House Appropriations Committee Passes L-HHS Funding Bill with Increases for NIH, NDPP
On July 14, the House of Representatives Appropriations Committee approved its version of the fiscal year (FY) 2017 Labor, Health and Human Services (L-HHS), Education and Related Agencies Appropriations spending measure, which includes funding for the National Institutes of Health (NIH) and the National Diabetes Prevention Program (NDPP).
The House L-HHS bill provides an additional $1.25 billion for biomedical research, which would raise the NIH budget to $33.3 billion (a four percent increase) compared to FY 2016. Last month, the Senate passed its version of the L-HHS funding bill with a $2 billion increase prompting House L-HHS Appropriations Subcommittee Chairman Tom Cole (R-OK) to comment, “… I want to be clear I view the mark we set forth today as a floor – not a ceiling – for biomedical research funding and I am hopeful that this number can increase as the process moves forward.” Within the $1.25 billion increase, the following amounts are included to support specific NIH initiatives:
$511.5 million for Clinical and Translational Sciences (CTSA) Awards
$333.3 million for the Institutional Development Awards (IDeA) Program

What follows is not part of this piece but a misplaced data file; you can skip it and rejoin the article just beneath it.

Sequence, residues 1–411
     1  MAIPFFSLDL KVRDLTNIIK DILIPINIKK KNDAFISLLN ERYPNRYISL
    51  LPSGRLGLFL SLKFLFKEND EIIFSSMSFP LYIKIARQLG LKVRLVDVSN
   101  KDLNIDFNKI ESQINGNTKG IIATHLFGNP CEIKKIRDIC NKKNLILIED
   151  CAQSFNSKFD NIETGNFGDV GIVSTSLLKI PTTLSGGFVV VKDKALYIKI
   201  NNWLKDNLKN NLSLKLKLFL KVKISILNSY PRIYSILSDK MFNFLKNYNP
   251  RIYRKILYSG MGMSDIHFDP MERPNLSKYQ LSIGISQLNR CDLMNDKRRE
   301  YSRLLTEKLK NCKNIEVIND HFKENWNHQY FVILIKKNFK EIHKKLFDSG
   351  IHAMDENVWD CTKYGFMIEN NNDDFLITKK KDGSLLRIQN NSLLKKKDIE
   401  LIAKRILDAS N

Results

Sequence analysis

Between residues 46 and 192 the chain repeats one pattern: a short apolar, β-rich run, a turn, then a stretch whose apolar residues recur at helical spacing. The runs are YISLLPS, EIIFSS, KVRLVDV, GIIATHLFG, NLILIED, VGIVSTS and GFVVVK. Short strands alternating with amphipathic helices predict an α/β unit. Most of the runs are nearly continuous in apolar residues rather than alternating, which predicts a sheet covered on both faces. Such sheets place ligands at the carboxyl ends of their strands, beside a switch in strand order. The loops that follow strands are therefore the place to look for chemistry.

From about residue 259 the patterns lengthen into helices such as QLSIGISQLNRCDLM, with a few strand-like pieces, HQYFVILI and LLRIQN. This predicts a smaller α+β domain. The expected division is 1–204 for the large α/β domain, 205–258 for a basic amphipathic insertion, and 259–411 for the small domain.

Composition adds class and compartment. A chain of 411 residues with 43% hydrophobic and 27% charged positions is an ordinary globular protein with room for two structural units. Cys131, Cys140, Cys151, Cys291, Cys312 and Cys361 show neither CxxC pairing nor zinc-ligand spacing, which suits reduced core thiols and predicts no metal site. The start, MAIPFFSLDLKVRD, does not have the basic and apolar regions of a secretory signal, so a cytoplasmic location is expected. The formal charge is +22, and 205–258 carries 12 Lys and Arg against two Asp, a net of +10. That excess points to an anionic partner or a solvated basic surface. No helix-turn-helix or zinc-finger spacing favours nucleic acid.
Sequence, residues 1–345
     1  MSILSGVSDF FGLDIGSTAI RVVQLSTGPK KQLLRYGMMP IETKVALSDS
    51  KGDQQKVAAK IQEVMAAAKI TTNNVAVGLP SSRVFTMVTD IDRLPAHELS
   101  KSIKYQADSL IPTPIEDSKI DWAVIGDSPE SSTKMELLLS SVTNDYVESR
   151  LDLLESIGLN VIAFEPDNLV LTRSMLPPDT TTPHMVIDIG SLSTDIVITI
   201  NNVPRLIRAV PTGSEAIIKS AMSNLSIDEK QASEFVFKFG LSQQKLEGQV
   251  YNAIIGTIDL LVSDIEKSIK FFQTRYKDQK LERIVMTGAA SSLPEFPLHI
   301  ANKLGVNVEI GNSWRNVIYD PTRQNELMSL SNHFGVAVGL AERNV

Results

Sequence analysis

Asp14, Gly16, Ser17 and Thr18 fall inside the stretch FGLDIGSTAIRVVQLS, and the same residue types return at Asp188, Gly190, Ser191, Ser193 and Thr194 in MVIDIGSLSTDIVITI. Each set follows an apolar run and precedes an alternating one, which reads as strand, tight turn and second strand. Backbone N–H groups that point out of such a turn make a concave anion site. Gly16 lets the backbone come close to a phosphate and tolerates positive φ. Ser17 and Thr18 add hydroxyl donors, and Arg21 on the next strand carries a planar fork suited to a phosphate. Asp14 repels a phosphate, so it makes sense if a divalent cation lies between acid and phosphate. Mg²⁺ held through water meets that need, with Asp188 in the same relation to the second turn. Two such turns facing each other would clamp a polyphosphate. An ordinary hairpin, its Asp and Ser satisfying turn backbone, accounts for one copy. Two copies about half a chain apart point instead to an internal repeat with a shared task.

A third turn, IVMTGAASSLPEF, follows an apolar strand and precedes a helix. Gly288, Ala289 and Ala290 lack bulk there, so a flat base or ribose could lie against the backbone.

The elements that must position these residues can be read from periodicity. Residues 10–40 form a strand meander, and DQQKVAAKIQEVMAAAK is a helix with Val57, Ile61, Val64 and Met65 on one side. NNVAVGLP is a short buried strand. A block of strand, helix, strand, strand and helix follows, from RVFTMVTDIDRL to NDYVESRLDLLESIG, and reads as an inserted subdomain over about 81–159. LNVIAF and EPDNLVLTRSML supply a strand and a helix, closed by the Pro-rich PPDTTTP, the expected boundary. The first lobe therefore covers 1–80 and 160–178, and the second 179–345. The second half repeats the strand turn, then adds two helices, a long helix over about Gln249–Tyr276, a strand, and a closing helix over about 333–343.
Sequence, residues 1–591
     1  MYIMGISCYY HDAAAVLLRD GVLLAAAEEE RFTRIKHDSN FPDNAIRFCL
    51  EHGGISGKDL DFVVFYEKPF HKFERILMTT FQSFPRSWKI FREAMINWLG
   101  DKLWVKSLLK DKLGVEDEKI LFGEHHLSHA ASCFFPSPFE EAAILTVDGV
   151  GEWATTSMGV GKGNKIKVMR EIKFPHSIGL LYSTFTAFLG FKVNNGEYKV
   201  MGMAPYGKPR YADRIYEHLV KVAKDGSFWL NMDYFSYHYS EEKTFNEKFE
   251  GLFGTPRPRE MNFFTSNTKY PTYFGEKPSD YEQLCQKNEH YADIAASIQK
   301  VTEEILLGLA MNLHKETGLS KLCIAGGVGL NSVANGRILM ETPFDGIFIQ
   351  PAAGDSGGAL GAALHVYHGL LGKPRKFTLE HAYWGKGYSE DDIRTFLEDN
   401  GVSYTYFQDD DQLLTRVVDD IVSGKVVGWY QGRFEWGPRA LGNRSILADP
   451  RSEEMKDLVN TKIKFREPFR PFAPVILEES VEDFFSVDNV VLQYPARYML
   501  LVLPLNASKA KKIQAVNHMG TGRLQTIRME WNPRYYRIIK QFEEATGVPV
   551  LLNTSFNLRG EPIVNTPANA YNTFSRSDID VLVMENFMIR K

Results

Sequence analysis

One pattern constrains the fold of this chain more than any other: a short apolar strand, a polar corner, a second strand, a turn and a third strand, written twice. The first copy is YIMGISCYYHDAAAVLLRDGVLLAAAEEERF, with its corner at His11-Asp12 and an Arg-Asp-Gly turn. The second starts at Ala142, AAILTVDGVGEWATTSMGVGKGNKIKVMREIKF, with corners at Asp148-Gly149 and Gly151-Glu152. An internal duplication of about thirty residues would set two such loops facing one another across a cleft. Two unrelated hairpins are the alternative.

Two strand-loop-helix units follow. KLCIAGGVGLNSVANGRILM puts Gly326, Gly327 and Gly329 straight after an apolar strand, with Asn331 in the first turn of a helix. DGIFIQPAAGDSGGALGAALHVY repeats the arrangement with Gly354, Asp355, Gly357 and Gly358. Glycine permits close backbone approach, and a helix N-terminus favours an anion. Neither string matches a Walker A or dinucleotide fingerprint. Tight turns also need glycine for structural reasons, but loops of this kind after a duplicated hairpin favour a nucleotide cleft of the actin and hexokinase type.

$350 million increase for Alzheimer's research
$195 million for the Brain Research through Application of Innovative Neuro-technologies (BRAIN) Initiative
$300 million for the Precision Medicine Initiative (PMI)
$12.6 million for pediatric cancer research
The Endocrine Society has been a leading advocate for NIH and NDPP. We testified before the appropriations committees, visited congressional offices, and organized online advocacy campaigns. Thanks to all of you who took action, joined our efforts, and sent emails to your congressional delegations. Your work made a difference and influenced the debate!
Next Steps: The bill is not expected to come before the full House for a vote. Rather, it is expected that the House and Senate will need to pass a stop-gap funding measure known as a Continuing Resolution (CR) by October 1. While a CR will avoid a federal government shut down, it would only fund programs at their current level. When the House and Senate return from recess on September 6, the Endocrine Society will send an action alert to urge Congress to pass a short-term CR. Our hope is that when the Congress returns following the elections for a “lame duck” session, it will pass a real funding measure that would allow increases for the NIH, NDPP, and other federal programs important to Society members.
School’s Out for Summer: Congress in Recess Until September 6
The House of Representatives and Senate are officially on summer break! Both chambers adjourned July 14 and will not return to Washington until Tuesday, September 6. When Congress comes back to work, legislators are scheduled to be in session for only 17 work days before the November 8 elections. There are no votes scheduled from October 3 through November 11, and the remaining post-election schedule has not been announced yet.